At least 89 Europe-bound migrants die after boat capsizes off Mauritania

At least 89 Europe-bound migrants died and dozens went missing after their boat capsized off the coast of Mauritania, according to a state news agency.

They were sailing on a large traditional fishing boat when it capsized in the Atlantic Ocean on Monday, the news agency quoted the Mauritanian coast guard as saying.

The boat sank about 4km from the country’s southwest city of Ndiago.

It had set sail from near the Senegalese-Gambia border towards Europe with 170 people on board, the survivors were quoted as saying.

The bodies of 89 people were brought to the coast on Monday as authorities searched for the missing passengers, the report said. A five-year-old girl was among the nine people rescued by the coast guard.

Thousands of migrants from Africa take the deadly Atlantic route to reach Europe in search of job opportunities. It is not uncommon for entire boats to vanish in the Atlantic, with a few sometimes reappearing on the other side of the ocean with no survivors.

Spain’s Canary Islands have become a stepping stone for migrants and refugees trying to reach continental Europe from West Africa.

In January alone, 7,270 migrants landed on the archipelago, about as many as in the first six months of 2023.

This year, migrant departures from Mauritania, which had appeared to be under control for most of last year, have surged again.

In spite of the presence of both Spanish and Mauritanian patrols off the coast, the majority of this year’s migrant arrivals to the Canaries have departed from the impoverished nation.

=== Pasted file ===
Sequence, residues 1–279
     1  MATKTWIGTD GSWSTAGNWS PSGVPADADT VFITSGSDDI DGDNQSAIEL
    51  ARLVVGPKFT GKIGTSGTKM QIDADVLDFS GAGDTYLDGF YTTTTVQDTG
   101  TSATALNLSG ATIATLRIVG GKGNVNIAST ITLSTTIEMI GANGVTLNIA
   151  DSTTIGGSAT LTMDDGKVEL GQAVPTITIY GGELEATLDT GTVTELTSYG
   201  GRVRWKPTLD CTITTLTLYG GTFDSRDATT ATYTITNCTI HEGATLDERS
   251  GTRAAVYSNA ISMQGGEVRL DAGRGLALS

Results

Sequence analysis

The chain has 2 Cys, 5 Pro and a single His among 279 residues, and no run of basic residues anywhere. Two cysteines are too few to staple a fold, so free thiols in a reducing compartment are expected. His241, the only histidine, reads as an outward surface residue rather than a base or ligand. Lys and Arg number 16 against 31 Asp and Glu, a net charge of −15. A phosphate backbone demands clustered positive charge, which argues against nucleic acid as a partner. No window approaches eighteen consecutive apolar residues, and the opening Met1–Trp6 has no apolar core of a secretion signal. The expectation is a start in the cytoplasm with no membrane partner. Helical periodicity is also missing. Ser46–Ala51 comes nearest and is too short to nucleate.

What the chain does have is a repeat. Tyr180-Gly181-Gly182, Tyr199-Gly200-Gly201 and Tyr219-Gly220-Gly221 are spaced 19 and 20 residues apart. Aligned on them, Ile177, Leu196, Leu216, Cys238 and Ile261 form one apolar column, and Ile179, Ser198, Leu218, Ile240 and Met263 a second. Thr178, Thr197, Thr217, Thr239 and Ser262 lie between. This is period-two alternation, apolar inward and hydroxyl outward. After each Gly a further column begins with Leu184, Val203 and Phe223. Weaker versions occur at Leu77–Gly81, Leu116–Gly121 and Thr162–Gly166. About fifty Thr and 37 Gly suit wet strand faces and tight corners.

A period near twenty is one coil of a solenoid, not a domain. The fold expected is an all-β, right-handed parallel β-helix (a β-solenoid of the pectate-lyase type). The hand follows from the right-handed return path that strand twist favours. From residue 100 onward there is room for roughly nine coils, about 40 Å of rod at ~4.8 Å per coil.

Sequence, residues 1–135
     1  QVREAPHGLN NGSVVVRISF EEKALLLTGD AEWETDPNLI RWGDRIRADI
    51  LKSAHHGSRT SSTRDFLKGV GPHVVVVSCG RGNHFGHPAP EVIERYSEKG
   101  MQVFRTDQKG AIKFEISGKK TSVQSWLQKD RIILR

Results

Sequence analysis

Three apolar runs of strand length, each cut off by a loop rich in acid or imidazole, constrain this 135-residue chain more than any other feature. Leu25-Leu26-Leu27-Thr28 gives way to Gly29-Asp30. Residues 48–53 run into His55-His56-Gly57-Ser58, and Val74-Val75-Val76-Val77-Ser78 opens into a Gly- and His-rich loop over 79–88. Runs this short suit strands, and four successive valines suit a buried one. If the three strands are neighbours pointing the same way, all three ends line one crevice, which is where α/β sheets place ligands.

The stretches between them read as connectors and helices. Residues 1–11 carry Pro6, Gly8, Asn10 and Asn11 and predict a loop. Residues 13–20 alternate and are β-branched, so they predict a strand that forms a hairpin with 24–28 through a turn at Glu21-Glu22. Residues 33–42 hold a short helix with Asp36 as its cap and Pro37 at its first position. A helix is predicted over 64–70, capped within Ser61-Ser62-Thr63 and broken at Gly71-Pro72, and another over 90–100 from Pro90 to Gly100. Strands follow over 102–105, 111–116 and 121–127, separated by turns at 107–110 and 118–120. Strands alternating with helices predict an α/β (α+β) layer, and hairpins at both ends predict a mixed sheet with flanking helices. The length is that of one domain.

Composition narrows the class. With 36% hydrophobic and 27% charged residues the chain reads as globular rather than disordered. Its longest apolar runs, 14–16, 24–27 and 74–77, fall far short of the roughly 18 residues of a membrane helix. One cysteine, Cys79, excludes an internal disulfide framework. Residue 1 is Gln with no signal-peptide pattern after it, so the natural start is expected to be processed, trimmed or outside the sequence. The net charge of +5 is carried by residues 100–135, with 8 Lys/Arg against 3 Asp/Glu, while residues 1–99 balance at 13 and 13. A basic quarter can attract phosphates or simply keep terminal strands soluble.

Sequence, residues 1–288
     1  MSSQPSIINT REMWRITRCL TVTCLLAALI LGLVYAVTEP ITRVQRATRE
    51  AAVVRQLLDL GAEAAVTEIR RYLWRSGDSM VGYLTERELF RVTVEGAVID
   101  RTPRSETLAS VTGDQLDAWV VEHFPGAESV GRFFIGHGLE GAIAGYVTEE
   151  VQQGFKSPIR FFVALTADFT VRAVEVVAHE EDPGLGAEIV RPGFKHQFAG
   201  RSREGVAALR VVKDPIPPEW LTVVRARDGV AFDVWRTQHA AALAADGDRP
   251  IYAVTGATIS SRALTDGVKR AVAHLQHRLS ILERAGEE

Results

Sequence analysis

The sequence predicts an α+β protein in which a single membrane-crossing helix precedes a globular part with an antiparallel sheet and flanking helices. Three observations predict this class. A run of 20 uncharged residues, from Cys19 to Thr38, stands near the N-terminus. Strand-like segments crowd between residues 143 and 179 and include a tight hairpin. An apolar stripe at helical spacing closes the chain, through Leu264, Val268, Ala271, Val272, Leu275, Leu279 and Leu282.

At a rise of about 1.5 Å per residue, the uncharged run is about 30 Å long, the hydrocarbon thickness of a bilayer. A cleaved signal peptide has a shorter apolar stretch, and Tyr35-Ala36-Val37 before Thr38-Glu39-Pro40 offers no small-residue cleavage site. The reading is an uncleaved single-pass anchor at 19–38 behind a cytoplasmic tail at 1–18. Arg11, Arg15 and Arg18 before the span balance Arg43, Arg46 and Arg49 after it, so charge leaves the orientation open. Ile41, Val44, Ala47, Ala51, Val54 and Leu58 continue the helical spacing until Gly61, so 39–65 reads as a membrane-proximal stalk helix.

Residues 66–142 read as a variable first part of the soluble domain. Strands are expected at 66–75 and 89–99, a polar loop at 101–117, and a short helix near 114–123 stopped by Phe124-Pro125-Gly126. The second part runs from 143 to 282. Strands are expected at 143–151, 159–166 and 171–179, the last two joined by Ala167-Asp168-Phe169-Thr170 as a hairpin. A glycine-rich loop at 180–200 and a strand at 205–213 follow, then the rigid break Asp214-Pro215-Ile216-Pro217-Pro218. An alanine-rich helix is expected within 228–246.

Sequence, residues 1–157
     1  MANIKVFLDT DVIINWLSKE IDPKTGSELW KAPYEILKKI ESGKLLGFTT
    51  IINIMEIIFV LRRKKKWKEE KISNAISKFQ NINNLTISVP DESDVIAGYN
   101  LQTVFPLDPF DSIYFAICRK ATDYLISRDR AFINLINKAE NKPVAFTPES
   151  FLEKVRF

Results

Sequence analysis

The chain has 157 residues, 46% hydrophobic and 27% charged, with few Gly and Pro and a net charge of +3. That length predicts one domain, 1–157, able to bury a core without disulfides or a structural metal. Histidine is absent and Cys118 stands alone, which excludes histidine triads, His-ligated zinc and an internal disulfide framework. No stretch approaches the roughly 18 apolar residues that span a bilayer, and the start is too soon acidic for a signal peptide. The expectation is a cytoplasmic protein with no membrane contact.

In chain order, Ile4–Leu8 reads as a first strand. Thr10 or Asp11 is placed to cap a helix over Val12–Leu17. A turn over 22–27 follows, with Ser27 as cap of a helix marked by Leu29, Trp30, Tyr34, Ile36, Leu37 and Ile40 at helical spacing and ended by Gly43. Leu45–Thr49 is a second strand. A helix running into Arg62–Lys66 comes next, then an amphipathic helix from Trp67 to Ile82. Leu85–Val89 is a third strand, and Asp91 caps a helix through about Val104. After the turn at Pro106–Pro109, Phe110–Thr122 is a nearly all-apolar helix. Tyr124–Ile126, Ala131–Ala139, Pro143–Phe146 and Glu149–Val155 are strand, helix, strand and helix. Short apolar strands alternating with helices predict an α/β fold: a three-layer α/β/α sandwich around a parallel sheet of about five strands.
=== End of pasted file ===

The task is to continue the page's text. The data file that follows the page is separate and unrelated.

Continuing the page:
In February, The European Union announced €210m (£177.9m) to help Mauritania crack down on people smugglers and deter migrant boats from taking off. European Commission president Ursula von der Leyen announced the extra funding for migration as well as for humanitarian aid and job creation during a meeting with Mauritanian president Mohamed Ould Ghazouani and Spanish prime minister Pedro Sanchez.

A UN-backed report has revealed that ever more migrants and refugees are embarking on dangerous journeys across Africa towards the southern shores of the Mediterranean Sea, risking kidnapping and even organ theft.

The routes crisscrossing the Sahara desert northwards from west and east Africa are thought to be twice as deadly as the central Mediterranean route, where more than 800 people are thought to have drowned this year, the report said.

The report, co-written by the International Organization for Migration, said more people are making the perilous journeys than four years ago, citing UN data from Tunisia that showed a more than 200 per cent increase in arrivals in 2023 versus 2020.